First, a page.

- Unsecure physical locations: Customer PII was stored in unsecure physical locations, such as in unlocked file cabinets in open offices.
- Login credentials: Customer login credentials had been disseminated to more employees than permitted under Firms’ policies and procedures.
- Former employees: Former employees of Firms retained access rights after their departure and therefore could access restricted customer information.
The Risk Alerts emphasize the importance of policies, procedures and practices with respect to safeguarding customer information and initial and ongoing oversight of vendors that store or have access to electronic customer records, including cloud providers. We expect the SEC staff to continue to focus its examination efforts on cybersecurity, and we anticipate that the SEC may bring additional enforcement actions6 against Firms for violations of Regulation S-P or Regulation S-ID.
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1 Safeguarding Customer Records and Information in Network Storage – Use of Third Party Security Features, OCIE Risk Alert (May 23, 2019), available at May Risk Alert.
2 The Safeguards Rule of Regulation S-P requires every broker-dealer and investment adviser registered with the SEC to adopt written policies and procedures that address administrative, technical, and physical safeguards for the protection of customer records and information. 17 C.F.R. 248.30(a).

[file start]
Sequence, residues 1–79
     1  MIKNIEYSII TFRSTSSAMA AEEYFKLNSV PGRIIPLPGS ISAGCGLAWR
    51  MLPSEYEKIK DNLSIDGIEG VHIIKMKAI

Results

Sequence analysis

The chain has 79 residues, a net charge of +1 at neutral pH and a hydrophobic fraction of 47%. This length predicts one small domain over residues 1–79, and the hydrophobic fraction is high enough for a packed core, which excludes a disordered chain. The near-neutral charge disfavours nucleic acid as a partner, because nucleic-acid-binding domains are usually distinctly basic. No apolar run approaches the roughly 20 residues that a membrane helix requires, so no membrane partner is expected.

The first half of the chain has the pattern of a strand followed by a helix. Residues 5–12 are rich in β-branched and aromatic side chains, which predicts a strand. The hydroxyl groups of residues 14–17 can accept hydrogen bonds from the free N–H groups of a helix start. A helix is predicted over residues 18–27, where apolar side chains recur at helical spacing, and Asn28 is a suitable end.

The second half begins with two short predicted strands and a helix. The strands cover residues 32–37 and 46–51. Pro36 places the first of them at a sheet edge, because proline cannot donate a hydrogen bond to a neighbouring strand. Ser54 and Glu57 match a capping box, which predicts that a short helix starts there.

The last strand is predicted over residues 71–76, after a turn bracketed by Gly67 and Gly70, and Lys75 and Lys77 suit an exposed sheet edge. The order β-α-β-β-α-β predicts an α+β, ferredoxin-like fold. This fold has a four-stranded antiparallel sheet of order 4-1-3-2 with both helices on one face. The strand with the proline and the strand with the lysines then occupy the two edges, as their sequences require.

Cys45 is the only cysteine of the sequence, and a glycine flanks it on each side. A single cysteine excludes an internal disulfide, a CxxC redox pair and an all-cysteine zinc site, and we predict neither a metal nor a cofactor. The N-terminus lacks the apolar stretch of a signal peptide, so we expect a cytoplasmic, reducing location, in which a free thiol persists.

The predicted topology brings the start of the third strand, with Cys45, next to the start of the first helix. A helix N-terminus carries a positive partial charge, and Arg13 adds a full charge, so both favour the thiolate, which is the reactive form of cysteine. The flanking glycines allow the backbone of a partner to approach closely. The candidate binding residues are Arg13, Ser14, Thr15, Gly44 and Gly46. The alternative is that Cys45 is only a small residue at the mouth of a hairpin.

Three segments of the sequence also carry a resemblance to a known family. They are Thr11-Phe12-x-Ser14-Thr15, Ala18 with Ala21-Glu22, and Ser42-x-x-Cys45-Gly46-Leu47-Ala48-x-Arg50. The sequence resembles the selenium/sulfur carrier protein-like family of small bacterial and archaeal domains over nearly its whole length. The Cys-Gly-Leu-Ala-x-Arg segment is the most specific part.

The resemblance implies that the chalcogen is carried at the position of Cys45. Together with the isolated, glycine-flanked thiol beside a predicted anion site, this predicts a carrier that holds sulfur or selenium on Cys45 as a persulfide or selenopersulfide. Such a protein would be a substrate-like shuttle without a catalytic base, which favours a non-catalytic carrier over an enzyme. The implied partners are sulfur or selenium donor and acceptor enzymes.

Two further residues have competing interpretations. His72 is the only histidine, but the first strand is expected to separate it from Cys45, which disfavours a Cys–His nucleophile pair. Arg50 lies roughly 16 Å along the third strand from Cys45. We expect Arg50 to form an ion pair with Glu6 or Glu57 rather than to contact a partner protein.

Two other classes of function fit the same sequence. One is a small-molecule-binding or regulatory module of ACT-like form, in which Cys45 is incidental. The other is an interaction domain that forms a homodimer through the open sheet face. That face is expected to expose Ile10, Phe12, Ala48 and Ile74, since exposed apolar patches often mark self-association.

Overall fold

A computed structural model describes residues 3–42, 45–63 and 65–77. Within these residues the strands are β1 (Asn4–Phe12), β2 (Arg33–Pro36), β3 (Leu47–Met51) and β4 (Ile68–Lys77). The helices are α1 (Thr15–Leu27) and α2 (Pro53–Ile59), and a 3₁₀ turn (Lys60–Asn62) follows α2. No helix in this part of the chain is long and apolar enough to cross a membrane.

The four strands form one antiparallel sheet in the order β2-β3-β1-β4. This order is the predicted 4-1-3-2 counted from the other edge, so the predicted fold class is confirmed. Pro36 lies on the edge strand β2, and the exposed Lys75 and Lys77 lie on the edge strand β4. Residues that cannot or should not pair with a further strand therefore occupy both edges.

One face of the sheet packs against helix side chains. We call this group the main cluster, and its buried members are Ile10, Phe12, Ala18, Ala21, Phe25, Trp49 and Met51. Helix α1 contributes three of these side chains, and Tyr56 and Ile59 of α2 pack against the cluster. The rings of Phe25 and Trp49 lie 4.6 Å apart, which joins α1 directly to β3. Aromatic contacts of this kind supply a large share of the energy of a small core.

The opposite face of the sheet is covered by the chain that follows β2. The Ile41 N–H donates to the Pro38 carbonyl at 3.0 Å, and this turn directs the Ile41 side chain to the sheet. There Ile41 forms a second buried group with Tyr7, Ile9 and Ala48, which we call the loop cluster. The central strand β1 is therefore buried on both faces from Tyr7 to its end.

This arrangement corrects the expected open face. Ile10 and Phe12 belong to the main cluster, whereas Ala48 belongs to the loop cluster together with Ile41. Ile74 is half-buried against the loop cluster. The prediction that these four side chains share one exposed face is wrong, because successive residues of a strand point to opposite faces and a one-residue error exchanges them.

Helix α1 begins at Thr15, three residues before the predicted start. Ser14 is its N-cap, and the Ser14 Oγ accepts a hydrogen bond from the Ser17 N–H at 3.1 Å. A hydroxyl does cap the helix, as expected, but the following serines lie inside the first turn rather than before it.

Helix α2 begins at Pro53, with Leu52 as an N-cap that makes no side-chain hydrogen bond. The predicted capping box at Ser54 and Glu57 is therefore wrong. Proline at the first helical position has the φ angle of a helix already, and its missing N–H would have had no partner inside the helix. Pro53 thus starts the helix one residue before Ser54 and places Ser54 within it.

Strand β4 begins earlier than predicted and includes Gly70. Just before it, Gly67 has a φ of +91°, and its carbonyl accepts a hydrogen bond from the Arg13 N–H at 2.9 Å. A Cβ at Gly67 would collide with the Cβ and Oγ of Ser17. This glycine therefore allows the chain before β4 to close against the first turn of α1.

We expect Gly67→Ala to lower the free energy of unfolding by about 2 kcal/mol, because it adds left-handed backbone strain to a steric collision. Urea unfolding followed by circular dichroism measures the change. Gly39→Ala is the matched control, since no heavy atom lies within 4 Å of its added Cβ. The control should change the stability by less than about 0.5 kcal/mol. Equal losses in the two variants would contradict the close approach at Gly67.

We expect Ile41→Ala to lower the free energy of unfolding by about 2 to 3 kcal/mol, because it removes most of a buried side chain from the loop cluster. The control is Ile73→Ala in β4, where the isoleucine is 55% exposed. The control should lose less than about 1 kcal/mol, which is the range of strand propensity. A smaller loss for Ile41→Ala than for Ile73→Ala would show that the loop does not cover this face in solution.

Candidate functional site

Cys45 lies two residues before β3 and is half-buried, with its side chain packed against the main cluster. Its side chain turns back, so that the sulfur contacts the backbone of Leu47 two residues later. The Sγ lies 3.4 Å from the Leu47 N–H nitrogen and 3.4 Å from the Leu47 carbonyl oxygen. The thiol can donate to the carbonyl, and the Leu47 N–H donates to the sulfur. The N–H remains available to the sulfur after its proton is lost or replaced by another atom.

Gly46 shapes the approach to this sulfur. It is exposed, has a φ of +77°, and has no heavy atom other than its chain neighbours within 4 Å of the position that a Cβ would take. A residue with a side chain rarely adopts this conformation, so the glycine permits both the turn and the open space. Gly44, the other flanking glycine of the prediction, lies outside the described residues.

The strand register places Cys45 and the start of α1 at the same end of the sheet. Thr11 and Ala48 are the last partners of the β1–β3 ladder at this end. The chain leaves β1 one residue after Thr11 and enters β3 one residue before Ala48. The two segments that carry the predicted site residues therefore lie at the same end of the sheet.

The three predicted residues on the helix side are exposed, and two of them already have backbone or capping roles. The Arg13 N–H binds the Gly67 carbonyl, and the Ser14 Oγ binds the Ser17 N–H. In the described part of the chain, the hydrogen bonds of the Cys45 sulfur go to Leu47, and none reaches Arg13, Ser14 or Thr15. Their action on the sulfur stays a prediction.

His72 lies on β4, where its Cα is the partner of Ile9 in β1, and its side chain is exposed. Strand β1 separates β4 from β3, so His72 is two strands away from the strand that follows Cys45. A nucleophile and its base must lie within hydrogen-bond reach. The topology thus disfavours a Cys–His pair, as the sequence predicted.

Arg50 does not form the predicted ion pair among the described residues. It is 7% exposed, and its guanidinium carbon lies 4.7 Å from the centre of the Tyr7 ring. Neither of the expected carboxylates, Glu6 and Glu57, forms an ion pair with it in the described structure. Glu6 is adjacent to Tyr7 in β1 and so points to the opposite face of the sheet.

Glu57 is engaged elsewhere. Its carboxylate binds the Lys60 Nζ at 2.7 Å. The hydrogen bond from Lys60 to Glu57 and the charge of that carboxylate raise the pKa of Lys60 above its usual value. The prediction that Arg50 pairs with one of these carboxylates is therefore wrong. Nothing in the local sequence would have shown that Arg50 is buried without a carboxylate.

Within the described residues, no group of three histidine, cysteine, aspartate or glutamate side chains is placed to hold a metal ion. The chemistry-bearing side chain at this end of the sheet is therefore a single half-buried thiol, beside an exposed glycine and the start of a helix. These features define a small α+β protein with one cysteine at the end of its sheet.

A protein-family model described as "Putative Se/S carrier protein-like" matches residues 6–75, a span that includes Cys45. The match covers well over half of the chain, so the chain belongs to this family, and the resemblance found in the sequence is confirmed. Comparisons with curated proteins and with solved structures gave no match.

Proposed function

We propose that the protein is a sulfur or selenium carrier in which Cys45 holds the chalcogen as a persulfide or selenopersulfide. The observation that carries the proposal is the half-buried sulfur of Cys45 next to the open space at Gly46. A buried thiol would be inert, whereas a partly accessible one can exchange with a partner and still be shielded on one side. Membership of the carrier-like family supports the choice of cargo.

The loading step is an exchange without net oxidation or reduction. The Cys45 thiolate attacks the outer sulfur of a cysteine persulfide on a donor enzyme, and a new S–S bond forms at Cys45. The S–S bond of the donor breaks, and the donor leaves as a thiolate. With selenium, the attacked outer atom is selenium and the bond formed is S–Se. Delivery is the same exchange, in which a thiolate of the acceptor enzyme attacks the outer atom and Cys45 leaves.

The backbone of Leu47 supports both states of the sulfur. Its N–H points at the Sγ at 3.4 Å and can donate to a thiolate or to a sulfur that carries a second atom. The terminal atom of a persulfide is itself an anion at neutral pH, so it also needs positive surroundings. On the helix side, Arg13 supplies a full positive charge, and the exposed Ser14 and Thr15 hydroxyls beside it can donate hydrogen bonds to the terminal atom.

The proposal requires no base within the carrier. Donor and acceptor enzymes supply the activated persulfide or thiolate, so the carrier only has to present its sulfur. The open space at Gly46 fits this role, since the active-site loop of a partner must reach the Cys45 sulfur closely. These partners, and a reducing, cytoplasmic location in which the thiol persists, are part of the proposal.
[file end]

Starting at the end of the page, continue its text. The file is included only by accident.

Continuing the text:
3 The Identity Theft Red Flags Rule of Regulation S-ID requires broker-dealers and investment advisers registered or required to be registered with the SEC to develop and implement a written identity theft prevention program that is designed to detect, prevent, and mitigate identity theft in connection with the opening of a covered account or any existing covered account. 17 C.F.R. 248.201.
4 Remarks at the SIFMA Operations Conference & Exhibition: Staying Vigilant to Protect Investors, Peter Driscoll (May 8, 2019).
5 Investment Adviser and Broker-Dealer Compliance Issues Related to Regulation S-P – Privacy Notices and Safeguard Policies, OCIE Risk Alert (April 16, 2019), available at April Risk Alert.
6 See here for our client alert on an SEC cybersecurity enforcement action.